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Moving past security, the actual performance of the Galaxy S8 is superb. There’s a Snapdragon 835 processor onboard paired with 4GB of RAM, an Adreno 540 GPU, and 64GB of baseline storage which, by the way, can be expanded via microSD card. Playing games, switching through apps, and just using the phone during my heavy days as the manager of MBEDDED is just an overall great experience. And it should be, since this phone starts at $720 and costs a minimum of $750 from AT&T.

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Speaking of which, we tested AT&T’s network speeds and signals during our testing of the Galaxy S8, and we’d normally receive download speeds of around 40-50 Mbps and upload speeds of 8-12 Mbps at max. Mind you, the carrier’s signals throughout South Jersey aren’t all that great and get pretty spotty pretty fast, but this hasn’t exactly spoiled my experience with the S8. Rather, it spoiled my experience while using AT&T, something I hate to admit since I’ve recommended so many people to the network.

It’s worth noting the Galaxy S8 supports Gigabyte internet, but we weren’t able to test it during our review period. Guess we’ll have to touch base sometime in the future.

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Normally, I wouldn’t go too far into detail about a specification like Bluetooth, but the S8 deserves your attention in this department. It’s the first phone to ship with the new Bluetooth 5.0 standard which allows for a whole bunch of crazy new connections. For one, pairing to a Bluetooth device is twice as fast, a smaller delay is present while controlling playback of music or a video, four times the range of a Bluetooth connection is here so you can take a step outside while your phone sits at your desk upstairs, and eight times the data can be transferred over a Bluetooth connection. This specific spec of Bluetooth 5.0 allows for Samsung to include something called Dual Audio.

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Essentially, Dual Audio allows you to connect two Bluetooth speakers to your Galaxy S8 and allow for the same or different audio to play from both of them. For instance, a single track from Spotify can play out of both speakers at the same time, or the audio from Spotify can play from one and music from a game can be played out of the other. This is one of those features you didn’t realize you needed until you used it, so I’ve definitely enjoyed my time jamming out to Bruno Mars on two speakers at the same time.

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While we’re on the subject of audio, the Galaxy S8’s bottom-firing speaker isn’t all that great. It lacks bass, sounds tinny, and seem slike it’s washed out. Unfortunately, this is the case scenario for many IP68-rated phones (yes, this phone is water and dust resistant, in case you were wondering) or any phone with any protection against the elements, so I’ve just kind of dealt with it and used my LG V20 when I wanted more. Also, there’s a headphone jack at the bottom that sounds fine. It’s not great, but I don’t care. I will NOT take advantage of it.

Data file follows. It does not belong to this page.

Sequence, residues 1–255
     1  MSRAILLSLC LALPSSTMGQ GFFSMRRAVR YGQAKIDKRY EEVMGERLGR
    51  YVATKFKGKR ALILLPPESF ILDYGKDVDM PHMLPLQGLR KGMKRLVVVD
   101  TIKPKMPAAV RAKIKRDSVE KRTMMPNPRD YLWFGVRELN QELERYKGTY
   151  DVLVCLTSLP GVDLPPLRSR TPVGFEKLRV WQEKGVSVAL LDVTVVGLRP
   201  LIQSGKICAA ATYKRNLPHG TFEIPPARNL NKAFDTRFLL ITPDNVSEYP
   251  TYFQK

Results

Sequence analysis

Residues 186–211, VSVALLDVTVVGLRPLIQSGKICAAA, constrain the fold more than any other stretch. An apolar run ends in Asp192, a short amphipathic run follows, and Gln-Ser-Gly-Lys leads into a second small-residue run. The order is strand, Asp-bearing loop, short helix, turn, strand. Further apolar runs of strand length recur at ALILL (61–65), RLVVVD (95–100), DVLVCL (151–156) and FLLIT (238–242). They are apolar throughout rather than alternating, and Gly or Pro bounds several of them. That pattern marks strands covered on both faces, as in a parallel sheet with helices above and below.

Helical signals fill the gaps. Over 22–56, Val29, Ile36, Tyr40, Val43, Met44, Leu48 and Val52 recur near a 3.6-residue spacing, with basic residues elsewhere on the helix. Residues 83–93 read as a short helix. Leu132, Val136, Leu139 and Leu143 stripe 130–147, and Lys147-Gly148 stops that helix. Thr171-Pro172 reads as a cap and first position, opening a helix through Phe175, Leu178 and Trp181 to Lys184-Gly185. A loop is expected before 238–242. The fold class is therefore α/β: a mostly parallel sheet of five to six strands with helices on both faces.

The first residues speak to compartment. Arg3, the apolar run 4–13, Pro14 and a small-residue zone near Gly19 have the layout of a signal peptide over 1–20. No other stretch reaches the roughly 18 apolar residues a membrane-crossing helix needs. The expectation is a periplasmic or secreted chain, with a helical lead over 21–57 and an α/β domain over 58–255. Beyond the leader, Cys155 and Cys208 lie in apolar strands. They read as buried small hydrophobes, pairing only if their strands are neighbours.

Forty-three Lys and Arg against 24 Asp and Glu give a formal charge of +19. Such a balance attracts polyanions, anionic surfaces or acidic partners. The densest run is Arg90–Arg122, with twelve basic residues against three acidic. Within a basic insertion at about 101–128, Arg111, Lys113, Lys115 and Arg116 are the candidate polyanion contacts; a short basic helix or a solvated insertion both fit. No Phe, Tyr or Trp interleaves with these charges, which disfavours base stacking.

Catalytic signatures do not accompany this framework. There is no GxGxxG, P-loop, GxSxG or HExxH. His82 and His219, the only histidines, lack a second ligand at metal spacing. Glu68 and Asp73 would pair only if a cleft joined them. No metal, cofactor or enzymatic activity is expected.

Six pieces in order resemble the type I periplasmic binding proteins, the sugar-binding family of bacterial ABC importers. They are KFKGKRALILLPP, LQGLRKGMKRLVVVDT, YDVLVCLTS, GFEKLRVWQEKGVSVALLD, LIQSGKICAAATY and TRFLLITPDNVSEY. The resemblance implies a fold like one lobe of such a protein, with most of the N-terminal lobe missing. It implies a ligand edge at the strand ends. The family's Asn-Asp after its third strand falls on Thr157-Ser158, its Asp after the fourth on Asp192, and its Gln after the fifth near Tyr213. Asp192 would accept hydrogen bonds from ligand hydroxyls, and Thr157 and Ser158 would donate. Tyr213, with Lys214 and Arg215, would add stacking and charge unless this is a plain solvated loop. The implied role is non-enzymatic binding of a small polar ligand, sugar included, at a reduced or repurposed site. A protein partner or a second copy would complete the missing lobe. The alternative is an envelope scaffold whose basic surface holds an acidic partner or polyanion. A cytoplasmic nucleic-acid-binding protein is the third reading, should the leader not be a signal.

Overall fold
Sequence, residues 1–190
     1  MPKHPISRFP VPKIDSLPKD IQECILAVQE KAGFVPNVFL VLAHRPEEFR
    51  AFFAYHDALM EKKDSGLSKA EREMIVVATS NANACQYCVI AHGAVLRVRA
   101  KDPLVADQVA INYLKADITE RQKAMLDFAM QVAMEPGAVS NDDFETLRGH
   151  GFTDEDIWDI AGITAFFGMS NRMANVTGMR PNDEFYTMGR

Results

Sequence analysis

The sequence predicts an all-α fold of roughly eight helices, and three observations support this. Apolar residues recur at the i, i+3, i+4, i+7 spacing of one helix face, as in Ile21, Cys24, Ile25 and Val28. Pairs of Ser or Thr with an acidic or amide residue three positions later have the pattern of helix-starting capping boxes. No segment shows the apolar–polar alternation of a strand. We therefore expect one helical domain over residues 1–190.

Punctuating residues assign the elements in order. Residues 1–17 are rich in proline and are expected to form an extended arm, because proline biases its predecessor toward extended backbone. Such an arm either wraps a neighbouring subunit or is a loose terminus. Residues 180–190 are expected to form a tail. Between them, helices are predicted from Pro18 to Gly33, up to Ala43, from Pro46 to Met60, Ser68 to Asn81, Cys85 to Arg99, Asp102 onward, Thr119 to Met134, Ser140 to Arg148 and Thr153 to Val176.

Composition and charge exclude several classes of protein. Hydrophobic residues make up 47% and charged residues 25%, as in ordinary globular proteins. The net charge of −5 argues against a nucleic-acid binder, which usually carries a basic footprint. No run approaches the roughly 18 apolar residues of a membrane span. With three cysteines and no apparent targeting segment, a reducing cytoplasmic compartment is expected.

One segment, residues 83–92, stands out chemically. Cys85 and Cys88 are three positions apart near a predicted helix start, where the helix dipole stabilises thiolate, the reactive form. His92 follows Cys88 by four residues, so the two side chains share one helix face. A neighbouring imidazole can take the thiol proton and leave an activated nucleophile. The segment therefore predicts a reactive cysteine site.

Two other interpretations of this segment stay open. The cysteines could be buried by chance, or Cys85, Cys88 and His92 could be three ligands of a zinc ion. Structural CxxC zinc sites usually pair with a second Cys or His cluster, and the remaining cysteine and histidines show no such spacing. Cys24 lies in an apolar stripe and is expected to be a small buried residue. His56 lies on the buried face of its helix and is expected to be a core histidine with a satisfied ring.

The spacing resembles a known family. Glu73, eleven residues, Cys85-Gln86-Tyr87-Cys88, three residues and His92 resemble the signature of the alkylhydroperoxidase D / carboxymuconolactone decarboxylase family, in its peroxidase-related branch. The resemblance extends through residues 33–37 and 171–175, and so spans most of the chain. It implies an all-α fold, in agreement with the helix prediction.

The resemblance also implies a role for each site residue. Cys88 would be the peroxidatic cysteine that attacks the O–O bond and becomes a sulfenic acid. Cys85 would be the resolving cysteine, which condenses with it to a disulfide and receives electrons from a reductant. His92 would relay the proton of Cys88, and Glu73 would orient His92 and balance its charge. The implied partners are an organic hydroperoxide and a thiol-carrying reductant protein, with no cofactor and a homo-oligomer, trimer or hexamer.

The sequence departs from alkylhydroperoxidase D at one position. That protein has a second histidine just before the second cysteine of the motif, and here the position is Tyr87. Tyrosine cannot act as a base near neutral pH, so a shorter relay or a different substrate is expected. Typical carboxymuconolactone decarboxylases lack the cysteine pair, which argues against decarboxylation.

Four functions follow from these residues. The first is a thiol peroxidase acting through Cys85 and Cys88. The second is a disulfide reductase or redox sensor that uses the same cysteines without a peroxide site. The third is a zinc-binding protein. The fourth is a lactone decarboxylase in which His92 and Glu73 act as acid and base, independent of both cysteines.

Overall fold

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Speaking of which, in the box of the Galaxy S8 come specially tuned AKG earbuds that plug into the headphone jack. Samsung says they cost $99 on their own, so they’re a nice perk for buying this expensive phone.

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Essentially what you’re getting here are typical in-box earphones with a spunky design and slightly upgraded sound quality. They sound better than something like EarPods since they’re not as bass-heavy and sound much clearer, but they don’t exactly compete with the various Boses of the world. As an added bonus, they come with a pretty much tangle-free cable and replaceable ear tips to fit comfortably in your ears, so overall it’s a nice bonus that should step up your audio game if you’ve been using other in-box headphone solutions.

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As for cameras, there’s two on the Galaxy S8. No, I’m not referring to a fancy dual camera setup or anything, just the front and rear cameras. It’s unclear why Samsung opted for just a single rear camera on the S8 since so many companies’ flagships tend to have this feature nowadays, but I guess they had to save something for the Note 8, right?

Regarding the rear, there’s a 12MP sensor on the S8 which features an f/1.7 aperture, phase detection autofocus, optical image stabilization, an LED flash, and Auto HDR. Yes, this is the same sensor found on the back of last year’s Galaxy S7, but Samsung says they’ve upgraded the image processing in this case to make the quality of taken pictures and videos better than the previous generation. As we don’t have an S7 on hand to compare, we can only show you photos from the S8. But as you’ll see, they look pretty fantastic regardless.